As well as their overall relatively poor performance, Magnussen and Melinder found that psychologists performed better than the public on the question ‘Is a person’s confidence in their memories a good predictor of the accuracy of those memories?’ (No), but actually performed worse on ‘Does the presence of a weapon tend to impair a witness’s memory for a perpetrator's face?’ (Yes) and ‘Does most forgetting tend to occur soon after an event?’ (Yes). ‘It is particularly surprising that so few psychologists were familiar with the normal course of forgetting, the classic Ebbinghaus function,’ they said.

Some of the answers may strike you as more controversial than others. On the question of recovered memories, Magnussen and Melinder wrote: ‘Repression is not among the mechanisms of forgetting acknowledged by current memory science, and the available evidence does not support the idea of repression.’ They go on to say that well-controlled prospective studies of childhood sexual abuse victims suggest strongly that memories of abuse are not forgotten.

What about the idea that criminals can't selectively forget a criminal act? Although psychogenic amnesia is a real phenomenon (that is, amnesia in the absence of any detectable brain damage or disease), Magnussen and Melinder argue that these ‘mnestic blocks’ typically cover periods of weeks or even years, not the specific instances in time that are often claimed by offenders.

The researchers call for better scrutiny of memory expertise by the courts, and they lament that ‘psychlore appears to be a stronger determinant of the theoretical ideas [about memory] than are the results of empirical research’, even among the majority of qualified Norwegian psychologists.

How can losing increase your chances winning
In Management Science

When is losing the route to winning? When you’re losing by just a little. That's according to Jonah Berger and Devin Pope who think the paradoxical effect works because losing by a whisker is highly motivating.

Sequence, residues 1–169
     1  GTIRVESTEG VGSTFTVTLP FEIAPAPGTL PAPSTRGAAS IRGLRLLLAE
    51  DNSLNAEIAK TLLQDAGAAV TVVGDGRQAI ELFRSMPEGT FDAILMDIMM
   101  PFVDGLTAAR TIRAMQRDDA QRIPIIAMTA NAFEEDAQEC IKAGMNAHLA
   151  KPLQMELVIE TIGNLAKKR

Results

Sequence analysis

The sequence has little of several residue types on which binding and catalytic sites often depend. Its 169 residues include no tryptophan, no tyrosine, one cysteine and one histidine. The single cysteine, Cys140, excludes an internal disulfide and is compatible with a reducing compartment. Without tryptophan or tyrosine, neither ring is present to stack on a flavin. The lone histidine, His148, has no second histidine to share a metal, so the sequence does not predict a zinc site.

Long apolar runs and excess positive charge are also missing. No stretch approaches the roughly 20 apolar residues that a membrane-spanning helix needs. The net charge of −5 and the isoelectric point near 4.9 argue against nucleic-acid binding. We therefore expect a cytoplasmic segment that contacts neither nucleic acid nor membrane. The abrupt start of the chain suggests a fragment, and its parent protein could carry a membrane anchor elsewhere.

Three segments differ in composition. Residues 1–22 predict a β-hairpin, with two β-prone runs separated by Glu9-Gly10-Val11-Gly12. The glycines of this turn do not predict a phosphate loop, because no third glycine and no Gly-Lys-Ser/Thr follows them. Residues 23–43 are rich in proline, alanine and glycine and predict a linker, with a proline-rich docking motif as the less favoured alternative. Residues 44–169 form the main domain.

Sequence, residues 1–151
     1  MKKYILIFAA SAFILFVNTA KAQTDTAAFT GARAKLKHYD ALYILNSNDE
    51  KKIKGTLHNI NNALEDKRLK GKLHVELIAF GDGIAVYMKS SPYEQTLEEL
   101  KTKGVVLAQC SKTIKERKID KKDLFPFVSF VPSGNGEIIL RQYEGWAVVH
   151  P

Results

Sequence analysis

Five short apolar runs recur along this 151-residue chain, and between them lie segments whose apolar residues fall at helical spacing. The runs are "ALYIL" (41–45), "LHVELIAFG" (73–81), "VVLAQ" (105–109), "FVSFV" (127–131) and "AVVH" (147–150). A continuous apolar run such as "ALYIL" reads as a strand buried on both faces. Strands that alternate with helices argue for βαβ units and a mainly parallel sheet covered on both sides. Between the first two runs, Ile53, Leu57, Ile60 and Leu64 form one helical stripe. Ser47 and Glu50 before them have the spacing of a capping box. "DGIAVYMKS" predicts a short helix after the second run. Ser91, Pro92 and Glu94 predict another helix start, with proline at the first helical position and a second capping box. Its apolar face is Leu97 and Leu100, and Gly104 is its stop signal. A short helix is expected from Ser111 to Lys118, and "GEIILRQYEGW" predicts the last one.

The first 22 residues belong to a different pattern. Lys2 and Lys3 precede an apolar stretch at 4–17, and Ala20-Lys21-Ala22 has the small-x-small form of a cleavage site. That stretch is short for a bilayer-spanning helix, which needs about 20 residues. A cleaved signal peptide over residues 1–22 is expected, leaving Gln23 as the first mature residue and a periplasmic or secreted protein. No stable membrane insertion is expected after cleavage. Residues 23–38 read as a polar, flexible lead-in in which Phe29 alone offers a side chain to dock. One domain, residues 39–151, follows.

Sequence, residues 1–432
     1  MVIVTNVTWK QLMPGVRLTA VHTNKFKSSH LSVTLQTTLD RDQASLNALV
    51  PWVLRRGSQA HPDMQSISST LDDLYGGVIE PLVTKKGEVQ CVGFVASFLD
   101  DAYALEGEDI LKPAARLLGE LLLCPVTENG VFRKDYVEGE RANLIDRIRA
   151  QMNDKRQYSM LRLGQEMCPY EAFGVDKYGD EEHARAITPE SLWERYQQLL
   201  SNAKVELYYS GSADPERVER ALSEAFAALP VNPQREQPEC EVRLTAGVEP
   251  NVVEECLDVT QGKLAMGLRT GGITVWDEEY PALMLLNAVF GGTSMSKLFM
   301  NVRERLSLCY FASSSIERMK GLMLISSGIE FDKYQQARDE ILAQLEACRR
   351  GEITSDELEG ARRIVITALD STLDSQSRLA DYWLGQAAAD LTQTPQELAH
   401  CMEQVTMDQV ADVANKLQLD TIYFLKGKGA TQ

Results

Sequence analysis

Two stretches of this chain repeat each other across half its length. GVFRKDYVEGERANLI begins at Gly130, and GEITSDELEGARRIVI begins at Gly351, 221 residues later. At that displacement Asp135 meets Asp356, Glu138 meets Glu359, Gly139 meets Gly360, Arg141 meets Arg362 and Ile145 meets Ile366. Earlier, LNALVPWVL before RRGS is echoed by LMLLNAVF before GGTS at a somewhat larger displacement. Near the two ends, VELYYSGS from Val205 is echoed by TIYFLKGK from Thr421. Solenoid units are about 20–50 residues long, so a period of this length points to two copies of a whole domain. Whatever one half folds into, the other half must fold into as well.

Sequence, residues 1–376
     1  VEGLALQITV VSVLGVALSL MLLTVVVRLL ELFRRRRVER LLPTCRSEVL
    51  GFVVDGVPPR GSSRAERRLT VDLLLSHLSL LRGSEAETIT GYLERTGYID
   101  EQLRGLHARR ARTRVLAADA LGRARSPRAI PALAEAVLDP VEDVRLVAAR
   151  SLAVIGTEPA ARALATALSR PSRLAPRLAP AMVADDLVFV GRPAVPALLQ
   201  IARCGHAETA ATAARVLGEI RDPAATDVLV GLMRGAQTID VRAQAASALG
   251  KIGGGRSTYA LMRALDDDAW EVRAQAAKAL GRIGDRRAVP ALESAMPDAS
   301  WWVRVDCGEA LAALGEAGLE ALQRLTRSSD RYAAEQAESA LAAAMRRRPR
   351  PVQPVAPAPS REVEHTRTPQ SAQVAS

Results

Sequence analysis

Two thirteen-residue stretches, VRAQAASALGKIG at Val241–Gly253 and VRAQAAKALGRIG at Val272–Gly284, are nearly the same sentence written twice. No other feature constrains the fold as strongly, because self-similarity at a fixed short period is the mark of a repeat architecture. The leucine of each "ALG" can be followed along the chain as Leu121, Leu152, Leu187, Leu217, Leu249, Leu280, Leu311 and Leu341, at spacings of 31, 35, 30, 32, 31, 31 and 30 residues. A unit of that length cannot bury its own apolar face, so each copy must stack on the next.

Berger and Pope began by studying over 18,000 NBA basketball games. Specifically they compared half-time scores with final results. Much of the data was as you’d expect – the further in the lead a team was at half time, the more likely they were to win the game, and vice versa for teams losing at half time. In fact, there was a reliable pattern – for every two points a team was in the lead at half time, they were 6 to 8 per cent more likely to win out.

But there was also a clear blip in the data. Teams that were behind by one point at half time were actually more likely to end up winning than teams that were ahead by one point. Compared against the larger trend, teams behind by one point were approximately 6 per cent more likely to win than you’d expect – an effect about half the size of the benefit of playing at home. The researchers don’t think it has to do with coaches changing strategy or giving inspiring half-time talks: the ‘losing leading to winning’ effect was no greater among teams with more successful coaches. Rather, Berger and Pope think the effect is purely to do with the motivating influence of being just a bit behind.

The pair tested this idea with a simple lab task. Participants tapped two keyboard keys alternately as fast as they could for 30 seconds in a race against a partner. Then there was a pause in which they were given false performance feedback: told they were far behind their partner, just behind, tied, just ahead, or given no feedback. The 30-second key-tapping was then repeated. The result was striking. Those participants told they were just behind increased their effort in the second phase far more than all the other participants.

A final study was identical except that the researchers also measured the participants’ self-efficacy – that is, their belief in their ability to succeed. The just-behind benefit was replicated and for these participants only, self-efficacy made a big difference. That is, participants told they were just-behind at half-time and who had high self-efficacy were the ones who most increased their effort in the second phase. Losing by a whisker is highly motivating it seems, especially if you think you can do something about it.

Berger and Pope think their findings have real-life implications, in business as well as in sport. ‘Managers trying to encourage employees to work harder, for example, might provide feedback about how a person is doing relative to a slightly better performer,’ they said. ‘Strategically scheduling breaks when someone is behind should also help focus people on the deficit and subsequently increase effort. This should lead to stronger performance and ultimately success.’

The material in this section is taken from the Society’s Research Digest blog at www.researchdigest.org.uk/blog, and is written by its editor Dr Christian Jarrett. Visit the blog for full coverage including references and links, additional current reports, an archive, comment and more.